March 5th, 2018
On the agenda for our second day, we had cement mixing and pouring for the daycare’s foundation, we had more walls to nail and the Hub’s fences to paint, and we had the first of two stages of the school children’s registration night.
As the crew prepared for these various tasks this morning, I returned to Luis’s home — the young man we’d met yesterday who is struggling with a rare form of leprosy. This time, in addition to sister Marie-Colette, I was accompanied by Dr. Lucas — a Tanzanian physician who has been living and working in Pucallpa for the past thirty years — who agreed to visit Luis and his family to assess what could be done.
Luis’s many siblings, ranging from toddlers to late teenagers, greeted us with smiles as their grandmother poured them breakfast in cups from a stove pot. Luis himself was out of bed, sitting against the wall of their outdoor kitchen. Marie-Colette told me that she was relieved to see him looking happier than yesterday, though he still struggled to rise when Dr. Lucas suggested they go inside for an assessment. The 22 year-old reached for his cane first, then leaned on his father for support. “His sores have gotten so much worse in one year,” Marie-Colette said to me afterwards. She insinuated that infection will be inevitable.
Dr. Lucas explained that it appeared to be tuberculoid leprosy, which is a milder and less contagious form of the disease. If left untreated, however, disfigurement and permanent nerve damage are consequential. Luckily, Luis will be seen tomorrow morning in the Pucallpa hospital where Dr. Lucas works. Afterward, a route to proper treatment (and hopefully recovery) can be established. In the motocart on the way back to the city to drop Dr. Lucas off at the hospital, he told me that, years ago, he’d actually written his doctorate thesis in Hamburg on Tuberculoid Leprosy. Now, with the care needed for Luis, this story was coming full circle.
By the time I was back in the Hub, half the daycare’s foundation was poured and drying in the afternoon sun. Next door, in the sewing centre, 26 women were gathered for their registration day in the Sewing Program. In the coming year, they will learn both craftsmanship and entrepreneurial skills; many of them decide to open micro clothing/textile businesses from the comfort of their own home. Others go on to work for larger companies. The result, in either case, is that these women are able to contribute to the earnings of their household, and provide for their families with a sense of independence. Each of the women there today will have a child enrolled in the daycare (once construction is completed) so that they may learn and work comfortably knowing that their children are being looked after.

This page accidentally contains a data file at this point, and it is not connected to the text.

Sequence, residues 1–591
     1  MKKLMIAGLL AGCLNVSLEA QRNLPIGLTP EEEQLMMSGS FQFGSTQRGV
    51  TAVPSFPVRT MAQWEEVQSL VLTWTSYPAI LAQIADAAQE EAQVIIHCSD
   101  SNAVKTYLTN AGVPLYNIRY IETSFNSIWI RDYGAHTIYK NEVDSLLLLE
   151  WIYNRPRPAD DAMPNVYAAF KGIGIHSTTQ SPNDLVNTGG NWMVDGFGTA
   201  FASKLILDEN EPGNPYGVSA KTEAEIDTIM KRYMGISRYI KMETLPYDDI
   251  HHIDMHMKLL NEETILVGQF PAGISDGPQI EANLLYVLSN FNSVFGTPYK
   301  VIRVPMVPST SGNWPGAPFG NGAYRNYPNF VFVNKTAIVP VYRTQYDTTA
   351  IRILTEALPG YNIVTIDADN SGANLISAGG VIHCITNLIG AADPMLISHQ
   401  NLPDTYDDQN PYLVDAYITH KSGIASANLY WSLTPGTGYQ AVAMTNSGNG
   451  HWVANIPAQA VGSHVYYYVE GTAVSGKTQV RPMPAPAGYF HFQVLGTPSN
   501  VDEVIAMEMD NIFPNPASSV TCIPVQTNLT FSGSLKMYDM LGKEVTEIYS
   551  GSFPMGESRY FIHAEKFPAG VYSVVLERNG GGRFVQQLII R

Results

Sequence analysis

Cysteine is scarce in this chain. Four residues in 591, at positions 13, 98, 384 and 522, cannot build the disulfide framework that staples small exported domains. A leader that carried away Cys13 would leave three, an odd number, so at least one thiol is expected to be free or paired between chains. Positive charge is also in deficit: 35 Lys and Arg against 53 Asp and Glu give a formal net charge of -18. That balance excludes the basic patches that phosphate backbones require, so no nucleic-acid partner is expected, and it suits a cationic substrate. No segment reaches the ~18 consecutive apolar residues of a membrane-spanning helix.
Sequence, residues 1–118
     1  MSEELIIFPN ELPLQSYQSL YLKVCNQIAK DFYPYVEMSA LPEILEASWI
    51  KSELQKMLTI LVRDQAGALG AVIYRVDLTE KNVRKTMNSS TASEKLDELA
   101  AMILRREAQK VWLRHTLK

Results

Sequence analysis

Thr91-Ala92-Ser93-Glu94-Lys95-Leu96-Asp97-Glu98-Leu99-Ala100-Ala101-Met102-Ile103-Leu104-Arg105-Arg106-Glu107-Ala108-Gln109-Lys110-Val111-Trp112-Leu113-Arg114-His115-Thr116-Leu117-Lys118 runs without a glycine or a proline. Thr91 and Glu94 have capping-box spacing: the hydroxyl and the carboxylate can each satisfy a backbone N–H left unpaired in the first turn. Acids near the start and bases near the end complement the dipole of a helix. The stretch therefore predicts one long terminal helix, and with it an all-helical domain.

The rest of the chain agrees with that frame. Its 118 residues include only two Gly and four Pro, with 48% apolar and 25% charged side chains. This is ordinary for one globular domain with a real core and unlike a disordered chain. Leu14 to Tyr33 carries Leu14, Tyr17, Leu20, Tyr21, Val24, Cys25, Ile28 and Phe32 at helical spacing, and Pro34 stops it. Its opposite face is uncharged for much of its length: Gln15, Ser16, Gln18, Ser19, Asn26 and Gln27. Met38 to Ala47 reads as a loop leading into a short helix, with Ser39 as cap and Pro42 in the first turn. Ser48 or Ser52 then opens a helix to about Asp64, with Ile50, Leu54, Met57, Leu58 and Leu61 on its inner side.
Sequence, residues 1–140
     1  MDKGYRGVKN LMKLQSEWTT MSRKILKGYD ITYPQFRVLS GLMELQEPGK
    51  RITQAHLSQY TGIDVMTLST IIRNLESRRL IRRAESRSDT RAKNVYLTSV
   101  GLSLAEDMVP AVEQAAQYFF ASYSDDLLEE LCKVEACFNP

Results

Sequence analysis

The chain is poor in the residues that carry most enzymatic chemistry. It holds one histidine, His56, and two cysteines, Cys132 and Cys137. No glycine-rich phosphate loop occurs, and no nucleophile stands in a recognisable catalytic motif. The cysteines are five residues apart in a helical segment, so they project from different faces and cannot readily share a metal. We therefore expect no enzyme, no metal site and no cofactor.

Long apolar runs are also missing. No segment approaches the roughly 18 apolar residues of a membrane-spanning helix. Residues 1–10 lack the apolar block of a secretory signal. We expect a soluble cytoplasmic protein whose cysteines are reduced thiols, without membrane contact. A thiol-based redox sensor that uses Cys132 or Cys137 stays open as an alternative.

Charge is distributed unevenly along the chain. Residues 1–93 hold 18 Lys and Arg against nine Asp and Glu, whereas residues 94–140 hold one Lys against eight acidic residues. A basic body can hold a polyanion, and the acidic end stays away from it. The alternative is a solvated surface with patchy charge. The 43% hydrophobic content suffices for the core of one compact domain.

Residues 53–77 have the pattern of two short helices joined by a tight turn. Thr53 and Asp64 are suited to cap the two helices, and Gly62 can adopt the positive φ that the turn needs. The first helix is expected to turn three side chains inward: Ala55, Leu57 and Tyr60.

Some volunteers were sitting in the shade with local children on their shoulders while others asked us to make them water balloons. They climb us to ride on our backs and tell us to race like caballos. A young girl offers us a go at her floral hula-hoop. These are the last days of their summer vacation, spent in the streets of Manantay. Their school registration was held tonight at the local parish. The One School for All program volunteers were busy all morning shopping and prepping gift bags for the students who eventually arrived in pressed uniforms and neatly coiffed hair. “It’s one of the most exciting nights of the year for them,” program coordinator Suzie Côté said. They come to get their photos taken and meet their sponsors while the coordinators update their student dossiers. As of yet, the program sponsors, on a yearly basis, the education of 245 students (between elementary and high-school) and some 25 university students. The demand is ever growing.
During the registration, a boy who caught my attention was 12 year-old Ernesto. Back in 2012, the foundation built Ernesto and his family a new home, with a proper bedroom and mattress for his mother who was paralyzed, and prior to then had been living on a hard surface. In 2012 Ernesto was 6 (photo below) and I’d spent the afternoons with him in the shade of the trees outside the construction site teaching him how to write basic words and numbers in Spanish and English.
Tonight, his grandmother — who has cared for him since the death of his mother — took me aside and told me that Ernesto’s uniform was different now because he was entering his first year of high-school. “He’s never had to repeat a year,” she said to me in Spanish. “He’s always getting good grades.” More than pride in this woman, I sensed a deep love and protection for her grandson, and her recognition of the importance of education in his life. When we departed form the registration centre later that afternoon, I caught sight of Ernesto sharing his candy with her on a park bench. They waved goodbye, smiling.